The study population consisted of all singleton live births between 1997 and 2005 in the four-county central Puget Sound Region (King, Kitsap, Snohomish, Pierce) which includes the large metropolitan areas of Seattle and Tacoma in Washington State. Birth record data were obtained from the Washington State Department of Health Birth Records Database which records data from the birth as well as demographic data from the mother and father at the time of birth (N = 371,451 births). We excluded births with missing (N = 4,198) or implausible gestational age (<23 and >45 weeks, N = 183) or implausible birth weight (<450 g, N = 24). We identified multiple singleton births to the same mother (N = 281,104 clusters). The final study population consisted of 367,046 births. We defined SGA as those births below the tenth percentile by gender and week of gestation. Low birth weight was defined as <2,500 g, and term births were defined as greater than or equal to 37 weeks of gestation. We obtained data on potential confounding variables from the birth records database: maternal age, urban/rural residence (based on US Census Bureau classification of urban as areas that have a population density of at least 1,000 people/square mile), duration of residence, year of birth, season of birth, maternal race/ethnicity, parity (number of live births a mother had previous to the current birth), income (median family income per census tract of residence), alcohol use, prenatal care utilization, and smoking. This study was approved by the Washington State Department of Health Human Subjects Board.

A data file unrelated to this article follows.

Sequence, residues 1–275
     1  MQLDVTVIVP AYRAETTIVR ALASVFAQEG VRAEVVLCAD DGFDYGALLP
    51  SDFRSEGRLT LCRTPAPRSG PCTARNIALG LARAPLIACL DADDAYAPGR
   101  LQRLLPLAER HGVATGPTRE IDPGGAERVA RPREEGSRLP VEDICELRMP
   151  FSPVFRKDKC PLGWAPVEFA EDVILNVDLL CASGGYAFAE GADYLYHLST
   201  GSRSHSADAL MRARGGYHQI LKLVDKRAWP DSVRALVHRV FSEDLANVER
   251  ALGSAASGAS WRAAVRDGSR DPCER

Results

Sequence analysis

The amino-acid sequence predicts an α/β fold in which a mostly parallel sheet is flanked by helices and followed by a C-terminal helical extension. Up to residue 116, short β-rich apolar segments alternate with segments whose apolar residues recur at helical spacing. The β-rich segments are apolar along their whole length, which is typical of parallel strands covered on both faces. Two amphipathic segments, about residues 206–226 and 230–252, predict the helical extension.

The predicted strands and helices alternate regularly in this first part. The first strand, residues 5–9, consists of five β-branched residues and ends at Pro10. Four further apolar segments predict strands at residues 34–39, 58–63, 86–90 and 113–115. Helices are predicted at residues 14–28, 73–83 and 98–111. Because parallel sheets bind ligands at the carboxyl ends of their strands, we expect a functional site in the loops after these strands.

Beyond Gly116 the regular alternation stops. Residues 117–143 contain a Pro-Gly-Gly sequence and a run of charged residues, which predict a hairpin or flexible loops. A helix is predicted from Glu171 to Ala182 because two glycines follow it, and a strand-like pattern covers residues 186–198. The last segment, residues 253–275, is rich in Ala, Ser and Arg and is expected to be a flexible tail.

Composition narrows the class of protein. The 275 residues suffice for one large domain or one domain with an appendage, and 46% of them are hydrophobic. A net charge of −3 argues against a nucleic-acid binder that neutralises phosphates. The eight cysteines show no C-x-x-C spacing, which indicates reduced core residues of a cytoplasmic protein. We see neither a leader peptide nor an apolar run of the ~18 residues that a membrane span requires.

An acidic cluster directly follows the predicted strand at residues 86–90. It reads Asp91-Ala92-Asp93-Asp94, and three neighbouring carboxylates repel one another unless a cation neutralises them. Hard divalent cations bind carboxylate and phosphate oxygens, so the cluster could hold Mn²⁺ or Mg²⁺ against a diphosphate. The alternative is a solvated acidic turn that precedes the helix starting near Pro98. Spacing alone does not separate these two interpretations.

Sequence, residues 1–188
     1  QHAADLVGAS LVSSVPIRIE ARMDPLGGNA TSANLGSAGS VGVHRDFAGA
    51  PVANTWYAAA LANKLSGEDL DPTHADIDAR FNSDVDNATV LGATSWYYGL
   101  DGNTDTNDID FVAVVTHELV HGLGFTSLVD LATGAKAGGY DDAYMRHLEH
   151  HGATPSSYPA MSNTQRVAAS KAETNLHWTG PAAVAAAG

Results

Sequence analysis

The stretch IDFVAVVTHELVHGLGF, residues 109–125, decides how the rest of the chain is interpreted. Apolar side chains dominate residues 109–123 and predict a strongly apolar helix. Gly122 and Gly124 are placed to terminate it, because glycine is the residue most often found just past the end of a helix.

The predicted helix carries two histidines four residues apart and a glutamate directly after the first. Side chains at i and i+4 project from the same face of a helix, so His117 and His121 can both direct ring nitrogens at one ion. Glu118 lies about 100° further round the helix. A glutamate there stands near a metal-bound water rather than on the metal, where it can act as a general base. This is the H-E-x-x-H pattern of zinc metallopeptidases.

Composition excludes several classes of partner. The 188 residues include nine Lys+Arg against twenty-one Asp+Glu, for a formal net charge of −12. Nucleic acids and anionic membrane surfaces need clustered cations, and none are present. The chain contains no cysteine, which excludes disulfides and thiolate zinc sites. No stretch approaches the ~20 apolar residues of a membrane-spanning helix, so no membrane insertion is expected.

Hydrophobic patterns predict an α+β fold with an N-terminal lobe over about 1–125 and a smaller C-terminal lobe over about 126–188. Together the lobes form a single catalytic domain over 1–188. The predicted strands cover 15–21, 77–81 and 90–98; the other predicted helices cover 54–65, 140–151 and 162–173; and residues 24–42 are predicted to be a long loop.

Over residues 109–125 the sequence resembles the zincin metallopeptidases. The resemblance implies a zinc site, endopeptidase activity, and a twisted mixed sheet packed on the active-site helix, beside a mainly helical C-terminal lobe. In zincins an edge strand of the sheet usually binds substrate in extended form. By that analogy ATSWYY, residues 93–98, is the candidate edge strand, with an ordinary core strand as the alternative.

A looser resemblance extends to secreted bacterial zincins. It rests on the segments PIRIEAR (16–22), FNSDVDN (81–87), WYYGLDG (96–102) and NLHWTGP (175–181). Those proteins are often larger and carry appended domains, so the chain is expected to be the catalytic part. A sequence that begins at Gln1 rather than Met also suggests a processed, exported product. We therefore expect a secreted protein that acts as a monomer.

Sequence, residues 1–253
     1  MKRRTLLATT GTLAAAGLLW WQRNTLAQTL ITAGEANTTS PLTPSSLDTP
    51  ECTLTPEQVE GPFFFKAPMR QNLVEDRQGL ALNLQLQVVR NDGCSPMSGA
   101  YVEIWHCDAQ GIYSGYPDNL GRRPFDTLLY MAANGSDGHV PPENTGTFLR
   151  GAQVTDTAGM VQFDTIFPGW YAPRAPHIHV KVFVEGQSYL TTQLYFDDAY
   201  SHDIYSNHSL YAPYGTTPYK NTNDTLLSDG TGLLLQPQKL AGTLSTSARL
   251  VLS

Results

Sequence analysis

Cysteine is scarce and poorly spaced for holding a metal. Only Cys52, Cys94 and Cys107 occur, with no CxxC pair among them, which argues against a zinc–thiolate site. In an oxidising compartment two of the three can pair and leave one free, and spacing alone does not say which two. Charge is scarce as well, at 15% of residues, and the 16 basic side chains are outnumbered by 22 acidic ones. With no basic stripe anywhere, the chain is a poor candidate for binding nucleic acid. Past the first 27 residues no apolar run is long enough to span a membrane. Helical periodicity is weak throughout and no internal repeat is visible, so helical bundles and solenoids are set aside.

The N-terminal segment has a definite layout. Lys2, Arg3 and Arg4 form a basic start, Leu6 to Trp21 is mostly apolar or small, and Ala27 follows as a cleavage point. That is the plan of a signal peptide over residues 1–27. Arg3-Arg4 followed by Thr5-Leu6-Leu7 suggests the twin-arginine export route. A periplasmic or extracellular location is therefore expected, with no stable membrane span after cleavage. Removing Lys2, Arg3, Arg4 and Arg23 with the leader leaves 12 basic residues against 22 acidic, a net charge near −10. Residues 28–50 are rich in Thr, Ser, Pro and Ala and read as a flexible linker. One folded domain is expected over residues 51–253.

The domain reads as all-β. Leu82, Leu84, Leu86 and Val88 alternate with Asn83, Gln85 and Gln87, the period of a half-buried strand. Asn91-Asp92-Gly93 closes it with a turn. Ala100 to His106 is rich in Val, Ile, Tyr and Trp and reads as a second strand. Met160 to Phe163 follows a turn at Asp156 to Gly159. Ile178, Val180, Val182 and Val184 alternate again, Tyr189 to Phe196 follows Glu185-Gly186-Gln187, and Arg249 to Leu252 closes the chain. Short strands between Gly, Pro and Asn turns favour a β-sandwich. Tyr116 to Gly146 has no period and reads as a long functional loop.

We estimated NO2 exposures based on a LUR model of NO2 ambient concentrations which we developed for the region. The LUR model followed the form of a model initially developed for Vancouver, Canada, by Henderson et al. in which regression methods were used to model pollutant concentrations measured at specific sites based on variables that characterize surrounding land use, population density, and traffic patterns (Henderson et al. 2007). An NO2 dataset collected in Seattle to refine a field sampling protocol was used to derive our LUR model for the Seattle region (Poplawski et al. 2009). The model was calibrated based on 2-week integrated field measurements of ambient NO2 using passive Ogawa samplers conducted at 26 sites in Seattle, Washington, and an agency continuous analyzer for the period of July 2004 through June 2005.
Values of the predictor variables were generated from data obtained from the Puget Sound Regional Council, county road networks, the US Environmental Protection Agency, the US Census for all of the birth residence sites, and a corresponding annual NO2 concentration estimated from the Seattle LUR model (Archive, Bureau. July 1, 2005).
The NO2 field measurements were adjusted to reflect the annual averages through comparison of annual and 2-week NO2 measured by continuous analyzer at the Washington Department of Ecology Beacon Hill monitor site where one of the passive samplers was collocated. This approach assumes the yearly variation of 2-week averages follows the same pattern at all sites and has been employed in most previous LUR models.
To derive monthly concentrations of NO2 exposure for our subjects, we derived a monthly NO2 adjustment factor for each month from 1997 through 2005. This was computed as the ratio of the monthly NO2 average at the central Beacon Hill site to the annual average for the period of July 2004 through June 2005. Monthly variation of NO2 followed a reasonably consistent pattern throughout all 9 years of the study: mean annual NO2 exposure ranged from 12.9 to 14.3 ppb. Residential addresses at the time of delivery were geocoded by the Department of Health and Human Services.
We assigned daily exposure concentrations for PM2.5 using Puget Sound Clean Air Agency regulatory data for the years 1997–2005. The mother's geocoded address was linked to the nearest monitor within 20 km. For most monitors during this study period, daily average PM2.5 measurements were conducted at least every third day. The number of ambient PM2.5 monitors in the region was 4, 9, 16, and 17 within the years 1997–2000, respectively, and 18 in subsequent study years. Annual mean PM2.5 ranged from 9.3 to 12.6 μg/m3 across all years of study.